Non-store retailing

Non-store retailing is the selling of goods and services outside the confines of a retail facility. It is a generic term describing retailing taking place outside of shops and stores (that is, off the premises of fixed retail locations and of markets stands). The non-store distribution channel can be divided into direct selling (off-premises sales) and distance selling, the latter including all forms of electronic commerce. Distance selling includes mail order, catalogue sales, telephone solicitations and automated vending. Electronic commerce includes online shopping, internet trading platforms, travel portals, global distribution systems and teleshopping. Direct selling includes party sales and all forms of selling in consumers’ homes and offices, including even garage sales.

Non-store retailing, sometimes also labelled ‘home shopping’, is consistently achieving double-digit growth, and slowly taking a bigger share of overall retailing. In the first quarter of 2014 online sales in the US represented over 6% of all sales.[1] However, in product niches such as travel, books, and media, the share is significantly higher. As of March 2014, 19.5% of all book sales made by Amazon are for their Kindle e-book reader.[2] Fashion and lifestyle brands have entered the non-store retailing space including Everlane, Dollar Shave Club and Tieks. According to Eurostat, 38 per cent of European consumers consider the internet as the most important source of information about travel [3] and 42 per cent of consumers purchased travel services over the internet in 2008.[4]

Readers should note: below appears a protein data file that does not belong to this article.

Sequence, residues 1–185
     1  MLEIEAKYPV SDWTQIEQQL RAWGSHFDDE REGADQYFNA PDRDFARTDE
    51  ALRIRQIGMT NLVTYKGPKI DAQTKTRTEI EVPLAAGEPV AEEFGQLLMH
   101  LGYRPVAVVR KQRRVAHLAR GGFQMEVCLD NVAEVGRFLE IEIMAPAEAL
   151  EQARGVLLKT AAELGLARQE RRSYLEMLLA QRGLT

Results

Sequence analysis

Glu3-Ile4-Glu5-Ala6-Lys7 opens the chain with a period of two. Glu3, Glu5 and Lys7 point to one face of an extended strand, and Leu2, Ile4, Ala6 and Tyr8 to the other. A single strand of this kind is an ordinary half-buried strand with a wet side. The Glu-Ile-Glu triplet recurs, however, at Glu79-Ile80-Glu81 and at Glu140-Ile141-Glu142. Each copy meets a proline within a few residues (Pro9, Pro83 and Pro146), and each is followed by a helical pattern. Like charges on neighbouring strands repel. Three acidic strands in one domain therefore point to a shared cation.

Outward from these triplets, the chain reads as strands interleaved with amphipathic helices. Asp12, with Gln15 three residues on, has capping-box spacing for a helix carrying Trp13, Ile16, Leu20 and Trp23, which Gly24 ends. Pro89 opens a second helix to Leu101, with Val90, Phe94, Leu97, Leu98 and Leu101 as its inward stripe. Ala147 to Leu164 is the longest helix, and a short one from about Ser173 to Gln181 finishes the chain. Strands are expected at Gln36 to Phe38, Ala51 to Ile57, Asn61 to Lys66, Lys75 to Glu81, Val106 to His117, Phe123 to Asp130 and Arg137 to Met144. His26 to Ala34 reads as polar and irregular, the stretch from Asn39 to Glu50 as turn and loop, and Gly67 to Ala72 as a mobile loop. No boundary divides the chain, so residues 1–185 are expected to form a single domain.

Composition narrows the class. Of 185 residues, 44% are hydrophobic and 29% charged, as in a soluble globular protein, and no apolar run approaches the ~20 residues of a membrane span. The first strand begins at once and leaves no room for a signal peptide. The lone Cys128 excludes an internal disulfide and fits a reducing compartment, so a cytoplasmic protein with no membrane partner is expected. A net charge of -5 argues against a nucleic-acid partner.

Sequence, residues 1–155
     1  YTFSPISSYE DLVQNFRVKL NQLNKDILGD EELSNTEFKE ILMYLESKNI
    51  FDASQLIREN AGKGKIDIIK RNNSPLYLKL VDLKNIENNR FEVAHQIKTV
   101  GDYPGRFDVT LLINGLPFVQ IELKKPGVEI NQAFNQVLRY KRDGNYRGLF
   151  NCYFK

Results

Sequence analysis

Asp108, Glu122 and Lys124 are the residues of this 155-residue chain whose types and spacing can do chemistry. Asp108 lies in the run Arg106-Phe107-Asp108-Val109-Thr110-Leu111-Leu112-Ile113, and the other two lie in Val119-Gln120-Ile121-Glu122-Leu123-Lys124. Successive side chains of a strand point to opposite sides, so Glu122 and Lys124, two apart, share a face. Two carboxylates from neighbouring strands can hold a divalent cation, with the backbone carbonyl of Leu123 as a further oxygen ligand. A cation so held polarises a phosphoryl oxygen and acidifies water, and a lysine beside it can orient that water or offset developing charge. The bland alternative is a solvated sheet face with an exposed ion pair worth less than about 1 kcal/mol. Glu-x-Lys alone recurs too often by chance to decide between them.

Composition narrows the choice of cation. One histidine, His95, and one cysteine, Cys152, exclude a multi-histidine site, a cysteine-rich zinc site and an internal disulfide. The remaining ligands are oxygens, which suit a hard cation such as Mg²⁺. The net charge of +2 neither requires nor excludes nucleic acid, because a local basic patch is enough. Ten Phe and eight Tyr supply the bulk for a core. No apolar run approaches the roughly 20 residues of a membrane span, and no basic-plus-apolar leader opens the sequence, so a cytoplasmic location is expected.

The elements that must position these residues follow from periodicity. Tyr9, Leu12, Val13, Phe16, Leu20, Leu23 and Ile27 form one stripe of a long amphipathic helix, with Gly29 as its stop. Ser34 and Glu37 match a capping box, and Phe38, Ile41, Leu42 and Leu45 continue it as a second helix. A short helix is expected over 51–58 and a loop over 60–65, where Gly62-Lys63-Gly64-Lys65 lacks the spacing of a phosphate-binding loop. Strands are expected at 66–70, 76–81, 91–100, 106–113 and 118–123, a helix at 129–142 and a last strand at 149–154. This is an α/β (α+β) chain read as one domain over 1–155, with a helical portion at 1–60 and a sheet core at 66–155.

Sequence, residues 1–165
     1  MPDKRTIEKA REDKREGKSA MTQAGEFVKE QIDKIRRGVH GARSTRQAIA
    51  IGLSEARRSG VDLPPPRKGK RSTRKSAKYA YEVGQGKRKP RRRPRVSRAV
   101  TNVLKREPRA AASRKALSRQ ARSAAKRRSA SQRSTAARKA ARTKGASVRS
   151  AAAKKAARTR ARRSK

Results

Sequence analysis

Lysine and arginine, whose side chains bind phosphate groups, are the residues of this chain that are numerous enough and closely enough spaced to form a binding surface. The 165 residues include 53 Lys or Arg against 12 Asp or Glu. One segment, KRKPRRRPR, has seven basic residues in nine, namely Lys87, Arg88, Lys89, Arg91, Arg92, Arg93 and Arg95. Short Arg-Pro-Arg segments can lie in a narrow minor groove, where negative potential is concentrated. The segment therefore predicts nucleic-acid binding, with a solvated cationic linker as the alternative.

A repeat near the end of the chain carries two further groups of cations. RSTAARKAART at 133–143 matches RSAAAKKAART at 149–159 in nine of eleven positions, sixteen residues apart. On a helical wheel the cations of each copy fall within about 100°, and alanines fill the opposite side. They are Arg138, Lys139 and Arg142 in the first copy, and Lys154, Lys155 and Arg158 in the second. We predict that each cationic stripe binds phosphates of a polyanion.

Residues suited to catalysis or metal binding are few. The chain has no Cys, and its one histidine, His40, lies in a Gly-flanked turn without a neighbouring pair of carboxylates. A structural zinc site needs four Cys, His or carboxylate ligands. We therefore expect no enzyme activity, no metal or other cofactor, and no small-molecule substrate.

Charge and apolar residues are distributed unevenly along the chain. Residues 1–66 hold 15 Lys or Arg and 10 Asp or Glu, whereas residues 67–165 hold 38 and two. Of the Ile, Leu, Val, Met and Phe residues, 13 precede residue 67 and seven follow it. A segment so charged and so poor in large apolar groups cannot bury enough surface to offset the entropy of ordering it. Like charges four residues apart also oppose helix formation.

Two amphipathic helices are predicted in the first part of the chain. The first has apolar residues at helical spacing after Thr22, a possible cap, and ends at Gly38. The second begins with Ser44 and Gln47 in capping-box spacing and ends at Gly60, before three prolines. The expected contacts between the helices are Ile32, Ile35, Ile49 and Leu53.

The non-store distribution channel is marked by low entry thresholds. Compared to store retailing that requires a retail outlet, inventory, cash flow to hire staff and advertising, non-store retail start-ups usually have to invest little to reach out to potential buyers of the goods and services they offer. Non-store retailing is therefore not only used by established brick and mortar business retailers who develop an online bricks and clicks business model presence, but also by the individual pure play, often him- or herself a consumer, to create an EShop or to run sales parties. The rise of social media helps to connect sellers to potential buyers.

Under European Union law, non-store retailing is heavily regulated. The Distance Selling Directive 97/7/EC (incorporated into UK law as Consumer Protection (Distance Selling) Regulations 2000), the Doorstep Selling Directive 85/577/EEC, the E-Commerce Directive 2000/31/EC and Electronic Commerce Regulations 2002 and the Audiovisual Services Directive 2010/13/EU are the principal regulatory tools to deal with the most technologically intensive but also innovative distribution methods.

See also


  1. "Quarterly Retail E-Commerce Sales - Census Bureau" (PDF). U.S Department of Commerce. Retrieved 2014-06-27.
  2. "Amazon Vs. Book Publishers, By The Numbers". Retrieved 2014-06-27.
  3. Flash Eurobarometer 258, Survey on the attitudes of Europeans towards tourism, p.39
  4. Commission Staff Working Document, Report on cross-border e-commerce in the EU, SEC(2009) 283 final, p.5. Based on Eurostat, Information society statistics (2009). Data extracted 3 February 2009
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